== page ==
4 Tips to Help Keep Work at Work

MAY 17, 2019
Conor Killmurray
According to the American Institute of Stress 46% of American workers reported that their workload is the main cause of their stress. Stress that can follow you home and affect your social and family life in negative ways, and sometimes vice versa. Which is ultimately why finding a proper balance is crucial to both your social life and productivity at work, and that balance starts by doing your best to leave work at work. Here are just a few ways to make yourself more productive at the office and able to step away from the desk when the day is over. 4 Tips to Help Keep Work at Work 

Unplug at home

We live in an age where you’re never really away from the proverbial desk, in fact, with the push of a button or touch of a screen you’re back and connected to your email or work documents from just about anywhere you have an internet connection. This makes the urge to answer a work email and go down an unwanted rabbit hole easier to indulge.

Unless it’s an absolute emergency, it’s best to not indulge these impulses but that’s hard when screens are an everyday part of our lives. This makes the only solution to unplug while you’re at home. Take the time to set up a do not disturb on your phone or setting to limit screen time for the hours you plan on taking to yourself and your family. Walk away from your computer when you can and fill your free time with activities that don’t require an internet connection of any sort. Read a book, see a movie with your family, go for a walk, etc. just make sure you’re unplugged and staying present.

Communicate when you’re in a bind

While there are many ways to try and make yourself more productive there are times where it’s simply too much, and that’s ok. Learn to recognize when you might be in over your head and communicate to your manager or team member that you could use some help.

It is also important to recognize when you have the choice to say no. No one wants to be that person that doesn’t take on their share of the load, but no one wants to have to do all the work by themselves. By saying no to tasks, you feel can be handled elsewhere you can free up space to tackle larger challenges and keep your plate from overflowing.

Set a finish line and stick to it

Before you head off to work for the day set a firm time of when your work day is going to end. If you work on an hourly basis then this is easier, if that isn’t the case then it can become very easy to lose track of the day. Not only will working overtime when it isn’t needed cut into potential free time you have at home with your family, but also can run you down and cut into future productivity.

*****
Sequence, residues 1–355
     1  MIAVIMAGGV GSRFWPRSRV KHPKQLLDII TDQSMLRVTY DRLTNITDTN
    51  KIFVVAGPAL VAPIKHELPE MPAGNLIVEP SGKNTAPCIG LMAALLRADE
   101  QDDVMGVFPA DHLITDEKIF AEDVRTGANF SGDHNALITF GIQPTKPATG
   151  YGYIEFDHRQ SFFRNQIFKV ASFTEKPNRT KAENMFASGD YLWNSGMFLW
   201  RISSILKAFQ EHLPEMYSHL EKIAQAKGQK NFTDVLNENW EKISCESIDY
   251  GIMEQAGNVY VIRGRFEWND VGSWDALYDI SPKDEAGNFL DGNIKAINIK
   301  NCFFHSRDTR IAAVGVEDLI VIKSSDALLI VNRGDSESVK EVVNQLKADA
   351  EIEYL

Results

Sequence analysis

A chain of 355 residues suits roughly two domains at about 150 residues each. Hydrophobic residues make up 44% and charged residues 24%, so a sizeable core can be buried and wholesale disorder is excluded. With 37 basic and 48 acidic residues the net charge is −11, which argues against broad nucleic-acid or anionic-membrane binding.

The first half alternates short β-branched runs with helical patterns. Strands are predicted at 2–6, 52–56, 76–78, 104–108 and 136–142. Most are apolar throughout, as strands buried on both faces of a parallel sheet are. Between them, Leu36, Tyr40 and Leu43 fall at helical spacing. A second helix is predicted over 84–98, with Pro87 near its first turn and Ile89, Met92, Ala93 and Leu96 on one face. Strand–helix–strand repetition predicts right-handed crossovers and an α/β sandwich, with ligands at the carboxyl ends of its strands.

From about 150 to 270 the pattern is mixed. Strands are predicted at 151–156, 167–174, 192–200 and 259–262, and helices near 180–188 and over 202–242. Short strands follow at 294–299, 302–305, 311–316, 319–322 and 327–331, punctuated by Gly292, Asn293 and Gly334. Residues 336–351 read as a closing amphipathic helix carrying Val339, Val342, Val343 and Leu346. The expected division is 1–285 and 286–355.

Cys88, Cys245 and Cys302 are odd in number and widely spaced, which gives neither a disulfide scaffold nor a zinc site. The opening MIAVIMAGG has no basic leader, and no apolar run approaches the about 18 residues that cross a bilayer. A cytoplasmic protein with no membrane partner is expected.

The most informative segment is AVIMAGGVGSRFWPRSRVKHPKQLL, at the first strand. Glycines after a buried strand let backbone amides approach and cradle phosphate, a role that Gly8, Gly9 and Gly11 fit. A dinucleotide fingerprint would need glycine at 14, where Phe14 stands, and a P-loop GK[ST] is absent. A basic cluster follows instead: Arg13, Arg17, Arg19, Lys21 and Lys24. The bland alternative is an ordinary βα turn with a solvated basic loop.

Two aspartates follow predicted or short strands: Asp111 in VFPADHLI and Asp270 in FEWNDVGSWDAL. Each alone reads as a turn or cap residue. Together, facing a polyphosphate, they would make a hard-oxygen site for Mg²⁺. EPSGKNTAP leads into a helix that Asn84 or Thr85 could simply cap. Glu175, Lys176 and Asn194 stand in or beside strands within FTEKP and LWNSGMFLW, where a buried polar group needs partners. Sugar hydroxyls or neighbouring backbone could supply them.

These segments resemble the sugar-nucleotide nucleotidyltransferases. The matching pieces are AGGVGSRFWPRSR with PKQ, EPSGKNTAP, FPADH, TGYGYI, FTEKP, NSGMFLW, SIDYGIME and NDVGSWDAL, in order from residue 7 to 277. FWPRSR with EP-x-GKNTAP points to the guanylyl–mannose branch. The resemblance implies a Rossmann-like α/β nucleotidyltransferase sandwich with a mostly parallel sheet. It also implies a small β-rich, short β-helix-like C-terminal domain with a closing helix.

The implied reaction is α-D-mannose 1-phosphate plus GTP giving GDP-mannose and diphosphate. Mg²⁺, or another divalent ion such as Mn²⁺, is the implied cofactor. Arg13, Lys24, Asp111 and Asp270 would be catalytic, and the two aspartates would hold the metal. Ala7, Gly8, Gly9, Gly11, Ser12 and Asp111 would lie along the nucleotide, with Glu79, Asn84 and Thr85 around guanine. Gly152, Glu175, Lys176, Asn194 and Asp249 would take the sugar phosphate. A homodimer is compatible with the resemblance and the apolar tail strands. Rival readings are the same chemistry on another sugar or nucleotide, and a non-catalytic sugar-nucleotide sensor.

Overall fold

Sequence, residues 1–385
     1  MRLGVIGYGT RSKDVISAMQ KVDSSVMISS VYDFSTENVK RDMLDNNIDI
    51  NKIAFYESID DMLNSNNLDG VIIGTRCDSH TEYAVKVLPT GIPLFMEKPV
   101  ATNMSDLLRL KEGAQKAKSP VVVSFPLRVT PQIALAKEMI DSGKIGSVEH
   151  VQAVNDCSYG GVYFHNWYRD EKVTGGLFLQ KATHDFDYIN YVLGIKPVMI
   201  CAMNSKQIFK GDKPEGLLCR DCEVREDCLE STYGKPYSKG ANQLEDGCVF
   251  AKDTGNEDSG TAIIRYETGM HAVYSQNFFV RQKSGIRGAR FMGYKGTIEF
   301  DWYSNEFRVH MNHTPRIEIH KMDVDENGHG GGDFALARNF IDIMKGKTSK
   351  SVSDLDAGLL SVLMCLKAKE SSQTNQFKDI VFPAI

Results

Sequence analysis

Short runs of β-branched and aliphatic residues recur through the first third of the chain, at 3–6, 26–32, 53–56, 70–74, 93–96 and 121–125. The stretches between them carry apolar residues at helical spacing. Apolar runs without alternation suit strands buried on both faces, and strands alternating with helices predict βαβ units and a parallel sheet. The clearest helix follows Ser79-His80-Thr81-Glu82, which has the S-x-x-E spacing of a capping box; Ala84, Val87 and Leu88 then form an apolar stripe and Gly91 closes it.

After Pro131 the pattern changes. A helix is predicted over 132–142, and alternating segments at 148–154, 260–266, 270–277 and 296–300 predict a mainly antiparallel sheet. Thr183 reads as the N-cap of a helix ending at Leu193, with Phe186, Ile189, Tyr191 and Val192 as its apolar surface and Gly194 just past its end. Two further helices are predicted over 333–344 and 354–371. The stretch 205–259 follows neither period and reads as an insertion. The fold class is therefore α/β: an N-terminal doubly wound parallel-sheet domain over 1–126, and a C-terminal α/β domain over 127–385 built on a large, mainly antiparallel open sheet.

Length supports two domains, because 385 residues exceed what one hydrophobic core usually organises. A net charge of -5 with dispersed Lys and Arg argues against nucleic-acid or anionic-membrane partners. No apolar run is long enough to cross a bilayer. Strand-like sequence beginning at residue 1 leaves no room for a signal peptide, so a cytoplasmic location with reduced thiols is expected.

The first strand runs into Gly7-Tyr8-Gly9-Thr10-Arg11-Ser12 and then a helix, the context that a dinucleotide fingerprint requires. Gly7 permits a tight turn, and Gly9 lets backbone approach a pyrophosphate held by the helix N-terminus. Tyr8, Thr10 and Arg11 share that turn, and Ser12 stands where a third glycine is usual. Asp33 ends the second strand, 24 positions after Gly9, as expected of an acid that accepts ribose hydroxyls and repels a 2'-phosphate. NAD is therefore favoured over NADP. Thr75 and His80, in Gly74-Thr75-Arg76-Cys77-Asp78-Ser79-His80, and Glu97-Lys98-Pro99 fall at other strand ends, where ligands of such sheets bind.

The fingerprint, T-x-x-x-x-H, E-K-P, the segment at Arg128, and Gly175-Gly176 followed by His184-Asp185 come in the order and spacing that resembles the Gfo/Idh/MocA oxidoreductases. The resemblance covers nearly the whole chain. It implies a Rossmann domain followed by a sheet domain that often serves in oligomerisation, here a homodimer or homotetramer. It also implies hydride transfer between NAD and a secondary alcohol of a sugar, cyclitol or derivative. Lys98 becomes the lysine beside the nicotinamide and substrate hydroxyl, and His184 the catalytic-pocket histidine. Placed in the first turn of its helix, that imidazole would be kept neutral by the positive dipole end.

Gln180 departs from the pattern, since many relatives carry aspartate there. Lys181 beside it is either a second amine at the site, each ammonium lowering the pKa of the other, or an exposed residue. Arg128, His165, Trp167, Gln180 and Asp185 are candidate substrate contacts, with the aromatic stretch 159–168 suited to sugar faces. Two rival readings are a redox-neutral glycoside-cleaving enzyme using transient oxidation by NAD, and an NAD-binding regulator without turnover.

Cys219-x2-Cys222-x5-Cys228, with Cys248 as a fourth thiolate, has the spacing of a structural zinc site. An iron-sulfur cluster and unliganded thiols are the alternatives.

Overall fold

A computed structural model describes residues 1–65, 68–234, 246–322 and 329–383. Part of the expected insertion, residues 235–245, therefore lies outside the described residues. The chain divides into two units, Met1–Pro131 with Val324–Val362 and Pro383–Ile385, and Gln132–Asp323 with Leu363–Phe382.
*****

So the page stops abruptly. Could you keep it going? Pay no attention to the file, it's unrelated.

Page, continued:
Now a finish line doesn’t have to be for any specific project, just for when the day ends, and you leave the office. Setting this finish line will allow you to help create a boundary between home and work as well as provide motivation throughout the day to stay focused. If you know you have to leave by five instead of lingering till six, then you’ll make sure to get everything done within your time limit. Just make sure not to put too much pressure on this finish line in the case you have to be flexible and stay late or didn’t hit everything on your to do list. It’s supposed to help not to hinder.    

Take your breaks

Every once in a while, it’s good to take a break, breaks are built into most work situations and it’s best to utilize them when you can. It’ll allow you to fuel up, take a breather, and reset yourself for the rest of the tasks ahead of you. If you keep pushing through every item on the to do list without stopping, you’ll find yourself moving slower by the end of the day and potentially suffering later on.

Now, sometimes a non-stop day is unavoidable but string too many of those days in a row and you will be looking at a decrease in productivity and energy at home. Even if you feel pressured not to take a break go ahead and take that break, just a short moment to collect yourself can mean all the difference in the world to your health and the patients you see.






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